Before I get into the meat of this commentary, one thing troubles me, and that’s whether Apple has jumped the shark when it comes to using the infamous “i” prefix for its products. Beginning with the position Steve Jobs assumed when he took over Apple shortly after his return to the company, iCEO, and ending with the iPad introduced this week, you have to wonder whether enough is enough.
Of course until the name of the new tablet-based device was revealed, the tech media was thinking in terms of an iTablet or iSlate. You sometimes wonder if the actual name was conjured up late in the game by Steve Jobs simply because he wanted to do something contrary to conventional wisdom. Then again you have to wonder whether Apple is going to face legal troubles over the name, because there was once a Fujitsu “iPAD.”
According to published reports, Fujitsu allegedly abandoned the name in 2009, only to reapply for it shortly afterwards. You wonder if Apple didn’t stoop in just in time to grab it. Regardless of how it plays out, Apple is not going to surrender, even if a big check has to be written to gain clear title to that trademark.
Setting questions about naming aside, you can bet that Apple’s presentation this week probably raised far more questions than it answered. After all, how much stuff can they toss in during a presentation of less than 90 minutes? Bu tit’s not that the official spec sheet addresses the remaining concerns.
There is, for example, the use of Bluetooth 2.1 and support for external keyboards. All well and good. Apple will provide their own solution, in the form of the Keyboard Dock accessory, which includes the desktop station and the “full-size” keyboard that may have keys of the proper size, but not all of them, or at least in comparison to the traditional Mac and PC keyboards that include the full numeric keypad. But what about third party keyboards that are also fully compliant with Bluetooth? Or will Apple just let the third-parties build their own keyboard and docking station combos?
Also, would it be possible to use a standard mouse or trackball with an iPad? That may seem redundant in light of its multi-touch capability, but let me tell you that it’s awkward to constantly move from keyboard to screen and back again, particularly during a lengthy work session. Does the iPad’s operating system even support traditional cursor movement and functions?
When it comes to the hardware itself, the critics have focused on the lack of a camera. However, the iPad would be rather an ungainly device to use for regular snapshots, particularly when you compare it to a mobile phone or standard digital camera. Having an embedded Web cam might make sense, since you get those with Mac note-books and the iMac. But Apple has been quite aggressive about pricing, and VP Phil Schiller made it crystal clear that they were watching their money. While I don’t pretend to know what an embedded Web cam might cost, certainly Apple would have to sacrifice some of its cherished profit margins.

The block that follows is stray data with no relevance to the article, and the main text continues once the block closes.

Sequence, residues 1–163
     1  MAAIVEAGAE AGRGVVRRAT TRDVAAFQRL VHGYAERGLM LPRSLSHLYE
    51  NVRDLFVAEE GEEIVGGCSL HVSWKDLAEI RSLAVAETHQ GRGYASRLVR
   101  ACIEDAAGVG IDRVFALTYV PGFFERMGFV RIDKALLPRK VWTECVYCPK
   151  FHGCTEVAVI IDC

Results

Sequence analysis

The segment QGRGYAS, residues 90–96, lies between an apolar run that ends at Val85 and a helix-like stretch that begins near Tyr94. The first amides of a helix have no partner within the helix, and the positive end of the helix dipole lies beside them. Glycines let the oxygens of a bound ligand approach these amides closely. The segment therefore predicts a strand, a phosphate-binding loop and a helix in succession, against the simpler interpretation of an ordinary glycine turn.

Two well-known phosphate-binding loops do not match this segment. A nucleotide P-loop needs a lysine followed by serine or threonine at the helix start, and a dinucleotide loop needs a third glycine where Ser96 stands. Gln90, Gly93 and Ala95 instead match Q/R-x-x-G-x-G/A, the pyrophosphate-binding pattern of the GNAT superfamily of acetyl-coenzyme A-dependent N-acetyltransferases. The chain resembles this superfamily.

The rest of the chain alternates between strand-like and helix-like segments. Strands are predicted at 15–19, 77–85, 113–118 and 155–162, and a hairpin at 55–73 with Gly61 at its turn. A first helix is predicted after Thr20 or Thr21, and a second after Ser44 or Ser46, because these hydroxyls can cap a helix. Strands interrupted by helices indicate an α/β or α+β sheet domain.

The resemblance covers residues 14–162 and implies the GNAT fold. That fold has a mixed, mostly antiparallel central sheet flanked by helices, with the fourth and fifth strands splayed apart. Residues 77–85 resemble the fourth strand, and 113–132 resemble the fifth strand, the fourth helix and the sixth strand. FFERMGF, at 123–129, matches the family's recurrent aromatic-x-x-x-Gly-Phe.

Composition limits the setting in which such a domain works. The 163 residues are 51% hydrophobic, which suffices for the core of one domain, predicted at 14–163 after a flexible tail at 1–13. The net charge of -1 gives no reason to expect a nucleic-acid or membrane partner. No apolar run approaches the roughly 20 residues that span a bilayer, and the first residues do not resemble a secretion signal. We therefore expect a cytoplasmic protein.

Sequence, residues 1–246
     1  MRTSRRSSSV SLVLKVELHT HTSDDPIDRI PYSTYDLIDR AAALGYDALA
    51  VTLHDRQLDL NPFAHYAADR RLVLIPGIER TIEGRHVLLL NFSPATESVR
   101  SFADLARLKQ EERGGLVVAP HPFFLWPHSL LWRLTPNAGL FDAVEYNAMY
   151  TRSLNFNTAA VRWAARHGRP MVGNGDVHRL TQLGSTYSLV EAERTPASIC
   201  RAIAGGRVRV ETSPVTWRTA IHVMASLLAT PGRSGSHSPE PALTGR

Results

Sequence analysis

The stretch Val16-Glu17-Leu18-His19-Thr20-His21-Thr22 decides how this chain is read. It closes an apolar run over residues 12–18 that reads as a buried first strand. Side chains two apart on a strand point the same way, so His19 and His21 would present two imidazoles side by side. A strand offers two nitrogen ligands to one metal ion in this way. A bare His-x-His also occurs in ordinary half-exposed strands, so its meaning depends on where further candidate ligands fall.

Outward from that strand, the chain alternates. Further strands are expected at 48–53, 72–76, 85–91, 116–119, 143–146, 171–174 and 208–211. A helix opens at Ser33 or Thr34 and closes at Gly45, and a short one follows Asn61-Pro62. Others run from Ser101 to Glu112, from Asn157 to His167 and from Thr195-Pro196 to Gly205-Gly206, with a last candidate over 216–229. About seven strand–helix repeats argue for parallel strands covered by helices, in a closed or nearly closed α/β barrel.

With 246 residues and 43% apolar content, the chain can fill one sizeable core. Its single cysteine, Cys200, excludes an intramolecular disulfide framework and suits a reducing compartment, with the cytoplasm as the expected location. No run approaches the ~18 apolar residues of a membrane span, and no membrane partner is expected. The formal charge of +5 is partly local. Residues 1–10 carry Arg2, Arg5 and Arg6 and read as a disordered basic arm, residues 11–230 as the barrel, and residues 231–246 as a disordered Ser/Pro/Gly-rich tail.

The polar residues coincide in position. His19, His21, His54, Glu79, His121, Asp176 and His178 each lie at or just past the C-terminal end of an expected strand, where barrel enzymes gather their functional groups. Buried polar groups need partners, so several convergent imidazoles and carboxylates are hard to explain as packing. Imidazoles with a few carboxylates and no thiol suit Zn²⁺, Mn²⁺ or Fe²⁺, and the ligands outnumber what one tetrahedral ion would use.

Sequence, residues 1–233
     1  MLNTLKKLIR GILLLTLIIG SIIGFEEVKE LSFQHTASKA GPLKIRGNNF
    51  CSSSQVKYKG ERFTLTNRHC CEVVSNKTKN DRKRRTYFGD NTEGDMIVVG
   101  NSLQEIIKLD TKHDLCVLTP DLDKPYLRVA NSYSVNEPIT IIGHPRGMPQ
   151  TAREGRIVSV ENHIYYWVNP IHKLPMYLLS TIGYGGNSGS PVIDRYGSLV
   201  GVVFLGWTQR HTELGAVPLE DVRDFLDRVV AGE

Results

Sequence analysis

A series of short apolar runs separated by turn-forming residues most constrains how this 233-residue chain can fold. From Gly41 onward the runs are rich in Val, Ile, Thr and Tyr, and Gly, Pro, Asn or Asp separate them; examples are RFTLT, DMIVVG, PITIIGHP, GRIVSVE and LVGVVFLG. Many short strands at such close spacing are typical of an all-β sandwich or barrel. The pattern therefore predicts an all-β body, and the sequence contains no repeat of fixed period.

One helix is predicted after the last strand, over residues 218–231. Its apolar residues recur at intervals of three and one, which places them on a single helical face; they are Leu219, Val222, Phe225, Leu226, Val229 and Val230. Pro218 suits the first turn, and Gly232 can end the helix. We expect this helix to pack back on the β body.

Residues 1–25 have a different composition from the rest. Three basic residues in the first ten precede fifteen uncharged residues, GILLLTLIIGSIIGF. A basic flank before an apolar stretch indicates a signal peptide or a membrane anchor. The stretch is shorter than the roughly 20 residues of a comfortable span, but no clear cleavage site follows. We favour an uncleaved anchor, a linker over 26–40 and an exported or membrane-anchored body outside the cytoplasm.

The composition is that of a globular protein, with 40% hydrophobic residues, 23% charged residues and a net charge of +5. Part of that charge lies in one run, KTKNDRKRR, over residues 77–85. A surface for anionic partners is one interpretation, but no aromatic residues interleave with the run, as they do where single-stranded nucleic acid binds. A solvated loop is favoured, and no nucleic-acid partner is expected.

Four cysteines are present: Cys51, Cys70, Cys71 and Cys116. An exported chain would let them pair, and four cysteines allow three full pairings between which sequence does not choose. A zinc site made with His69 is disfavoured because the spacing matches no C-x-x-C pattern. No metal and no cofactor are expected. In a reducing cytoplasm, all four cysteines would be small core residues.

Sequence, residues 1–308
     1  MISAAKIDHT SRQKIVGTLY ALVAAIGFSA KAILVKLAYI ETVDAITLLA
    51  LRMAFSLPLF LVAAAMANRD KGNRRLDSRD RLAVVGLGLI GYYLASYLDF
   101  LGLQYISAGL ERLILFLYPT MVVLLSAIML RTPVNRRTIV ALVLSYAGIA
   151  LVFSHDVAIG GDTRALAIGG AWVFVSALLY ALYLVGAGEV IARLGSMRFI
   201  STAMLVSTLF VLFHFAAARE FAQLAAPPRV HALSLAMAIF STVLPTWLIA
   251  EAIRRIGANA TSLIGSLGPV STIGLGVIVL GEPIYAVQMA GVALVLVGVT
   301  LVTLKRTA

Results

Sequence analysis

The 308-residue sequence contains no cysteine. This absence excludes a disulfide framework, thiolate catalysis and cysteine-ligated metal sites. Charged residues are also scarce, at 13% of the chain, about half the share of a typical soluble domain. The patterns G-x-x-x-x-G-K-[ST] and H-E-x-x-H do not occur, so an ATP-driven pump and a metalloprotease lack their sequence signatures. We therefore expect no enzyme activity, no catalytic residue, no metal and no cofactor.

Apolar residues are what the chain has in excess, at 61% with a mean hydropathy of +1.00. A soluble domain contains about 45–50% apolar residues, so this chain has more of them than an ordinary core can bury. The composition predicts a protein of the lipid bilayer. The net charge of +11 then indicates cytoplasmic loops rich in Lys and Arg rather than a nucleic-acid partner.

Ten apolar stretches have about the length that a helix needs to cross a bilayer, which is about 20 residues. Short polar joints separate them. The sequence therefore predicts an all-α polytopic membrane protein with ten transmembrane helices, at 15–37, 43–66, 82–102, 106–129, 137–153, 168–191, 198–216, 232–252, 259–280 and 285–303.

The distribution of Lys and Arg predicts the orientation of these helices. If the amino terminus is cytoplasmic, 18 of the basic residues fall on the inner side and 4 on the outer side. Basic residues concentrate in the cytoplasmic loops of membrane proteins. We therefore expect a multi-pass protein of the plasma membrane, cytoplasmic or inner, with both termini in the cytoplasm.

A memory card slot, similar to the one recently incorporated in the iMac and MacBook Pro, would probably make more sense. It would surely be more sensible than being forced to purchase the iPad Camera Connection Kit, although there’s again the bill of materials compared to the money Apple earns from selling you yet another accessory.
Apple is also getting racked over the coals for failing to deliver true multitasking with the iPad OS. The limited multitasking on the iPhone, where third-party apps aren’t invited to the party, might make sense. But the iPad has a much more powerful processor, and it’s surely capable of running multiple apps at the same time. Then again maybe that situation will change over time, perhaps when the iPhone 4.0 OS is out.
It’s also true that a key reason for missing features and built-in hardware is not just a matter of production costs, but time to market and making sure all the critical features are properly integrated. Although this isn’t being discussed much, don’t forget this is iPad 1.0. There will be bugs of one sort or another that will require periodic software updates to fix.
On the long haul, there will likely be an iPad 2.0 within a year, and maybe even more product variations, although it seems to me that Apple is simply following its hugely successful iPhone and iPod touch product lineup approaches. Regardless, there will have to be great and hopefully useful features to make you want to upgrade to the next version, so that may be a key reason why some capabilities are lacking right now.
One other item hasn’t been fully explained so far, and that’s the file system. How will the files you create in, for example, iWork, be organized? Will there be a standard Mac-like file and folder hierarchy? What about syncing the files with your Mac or PC? Would it require a visit to iTunes, or simple wireless file sharing? Indeed, there are going to be lots of questions that I hope Apple will begin to flesh out before the iPad officially goes on sale.
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